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How Your Fleet Can Be Eco-Friendly (and Profitable) in 4 Easy Steps

Zach Blank


December 7, 2020

You hear it all the time: humanity is destroying the planet, and unless we all do our part, we are going to face consequences to our climate. Studies suggest that emissions from our motor vehicles are causing the Earth’s atmosphere to warm, resulting in climate change. You know polluting the earth is an issue. You know you want to help. The problem is, how do you “do your part” for the environment when your entire business consists of managing fleets of vehicles? Especially vehicles that are less-than-ideal in fuel consumption and carbon emissions.

Every fleet operator wants to make his or her operation more eco-friendly, but balancing the impact on climate vs. your bottom-line can be challenging. The demand for business, especially with COVID-19 restrictions on commerce creating a year-round “peak season” for fleets, is stretching supply chains to their limits to meet shipping deadlines. The thought of “going green” can seem daunting at first. Improving the environmental impact of every vehicle in your fleet is not as easy as turning off the lights at the end of the day.

The task of making your fleet “greener” seems difficult, but running a more environmentally-friendly company may not be as hard or as expensive as you think.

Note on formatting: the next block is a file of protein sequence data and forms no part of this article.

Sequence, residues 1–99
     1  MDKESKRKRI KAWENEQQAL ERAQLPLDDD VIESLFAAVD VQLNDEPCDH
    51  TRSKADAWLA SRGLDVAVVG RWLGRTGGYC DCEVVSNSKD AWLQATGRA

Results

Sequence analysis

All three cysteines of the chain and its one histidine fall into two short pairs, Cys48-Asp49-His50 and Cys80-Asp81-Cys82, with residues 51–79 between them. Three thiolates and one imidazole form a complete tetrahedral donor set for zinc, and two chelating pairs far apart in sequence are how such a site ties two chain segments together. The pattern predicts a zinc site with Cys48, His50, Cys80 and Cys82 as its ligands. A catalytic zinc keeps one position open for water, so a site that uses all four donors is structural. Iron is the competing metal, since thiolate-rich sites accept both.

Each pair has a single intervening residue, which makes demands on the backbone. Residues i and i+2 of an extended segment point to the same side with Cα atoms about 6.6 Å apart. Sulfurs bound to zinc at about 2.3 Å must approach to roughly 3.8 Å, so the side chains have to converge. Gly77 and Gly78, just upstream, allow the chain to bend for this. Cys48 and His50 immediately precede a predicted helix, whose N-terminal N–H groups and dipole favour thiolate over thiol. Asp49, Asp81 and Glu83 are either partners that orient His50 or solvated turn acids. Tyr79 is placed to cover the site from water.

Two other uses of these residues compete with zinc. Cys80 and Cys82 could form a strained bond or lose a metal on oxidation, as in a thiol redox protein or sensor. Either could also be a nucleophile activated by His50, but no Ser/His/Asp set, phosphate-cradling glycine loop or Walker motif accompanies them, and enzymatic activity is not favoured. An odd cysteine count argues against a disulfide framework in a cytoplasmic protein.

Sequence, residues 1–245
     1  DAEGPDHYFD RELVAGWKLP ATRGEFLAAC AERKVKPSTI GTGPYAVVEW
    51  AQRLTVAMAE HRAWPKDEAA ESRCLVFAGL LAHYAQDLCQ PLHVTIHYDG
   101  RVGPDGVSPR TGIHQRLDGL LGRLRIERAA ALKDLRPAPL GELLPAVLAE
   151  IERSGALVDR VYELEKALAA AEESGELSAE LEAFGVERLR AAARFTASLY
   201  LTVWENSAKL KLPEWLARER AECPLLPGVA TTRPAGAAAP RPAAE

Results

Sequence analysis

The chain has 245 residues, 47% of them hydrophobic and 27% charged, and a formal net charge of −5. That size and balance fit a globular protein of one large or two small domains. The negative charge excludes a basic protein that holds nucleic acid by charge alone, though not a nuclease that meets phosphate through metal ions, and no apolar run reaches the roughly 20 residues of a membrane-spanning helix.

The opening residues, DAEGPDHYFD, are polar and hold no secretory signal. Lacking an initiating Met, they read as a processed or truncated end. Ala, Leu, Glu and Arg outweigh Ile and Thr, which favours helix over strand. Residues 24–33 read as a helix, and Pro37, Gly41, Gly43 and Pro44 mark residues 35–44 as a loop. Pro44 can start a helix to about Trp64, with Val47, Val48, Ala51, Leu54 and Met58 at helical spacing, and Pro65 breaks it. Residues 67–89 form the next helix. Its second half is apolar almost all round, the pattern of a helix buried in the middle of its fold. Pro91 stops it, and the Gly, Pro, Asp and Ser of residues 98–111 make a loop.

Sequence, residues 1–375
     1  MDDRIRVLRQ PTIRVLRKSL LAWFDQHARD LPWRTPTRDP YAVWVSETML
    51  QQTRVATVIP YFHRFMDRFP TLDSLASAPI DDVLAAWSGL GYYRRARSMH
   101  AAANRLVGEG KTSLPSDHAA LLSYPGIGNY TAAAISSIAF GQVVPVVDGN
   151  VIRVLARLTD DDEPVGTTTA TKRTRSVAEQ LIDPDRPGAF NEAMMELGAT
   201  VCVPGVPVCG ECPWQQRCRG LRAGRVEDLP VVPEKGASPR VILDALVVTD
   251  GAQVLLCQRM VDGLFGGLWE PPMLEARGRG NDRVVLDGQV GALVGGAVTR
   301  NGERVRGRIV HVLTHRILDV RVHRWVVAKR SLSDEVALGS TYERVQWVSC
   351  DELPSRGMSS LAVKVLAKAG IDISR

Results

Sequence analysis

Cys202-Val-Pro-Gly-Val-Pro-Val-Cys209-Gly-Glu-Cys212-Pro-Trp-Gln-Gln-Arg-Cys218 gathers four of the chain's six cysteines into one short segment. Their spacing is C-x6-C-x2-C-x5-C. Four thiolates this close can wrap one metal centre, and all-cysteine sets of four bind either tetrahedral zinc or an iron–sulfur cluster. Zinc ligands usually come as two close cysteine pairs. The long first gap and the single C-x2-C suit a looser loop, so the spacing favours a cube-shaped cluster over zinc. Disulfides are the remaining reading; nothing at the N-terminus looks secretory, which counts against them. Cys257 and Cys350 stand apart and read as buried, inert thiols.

How can I make my fleet more eco-friendly?

There are a few simple methods you can implement to help your company go green without spending a lot of green. By re-evaluating delivery goals, using better route optimization software, monitoring fuel expenses, and lightening vehicle loads, you can lower your carbon footprint. Not only can you help the planet and improve your fleet’s efficiency, you can still make a profit as well.

Step 1: Re-Evaluate Your Driver’s Habits

One of the biggest challenges facing delivery companies wanting to be more eco-friendly is setting goals for drivers to meet every day. Because of the current gold rush in the shipping and delivery industry this holiday season, carriers are imposing strict delivery times and order delivery quotas. To meet these demands, drivers may develop bad habits in their efficiency, and the result may be a larger carbon footprint.

Drivers might lean on the gas pedal to reach destinations faster, using more fuel than normally needed to complete the route. When they reach a drop-off location, drivers may leave the vehicle idling while they rush a package to the recipient’s doorstep. While this seems efficient compared to shutting off and restarting the engine, idling for more than ten seconds consumes more fuel than an engine restart. To meet delivery quotas, drivers may prioritize destinations with larger package volumes and ignore optimized routes that schedule smaller drop-offs first. This could lead to more fuel consumption and more wear and tear on vehicles. All of these situations can cause your fleet to pollute more than necessary, as well as cost your company precious time and money spent on fuel.

You may be asking yourself, “What can I do about this?” You need packages to ship on time and have deadlines to meet. But to run a greener fleet, a small reduction in productivity may be needed initially to create more environmentally sustainable practices with your company.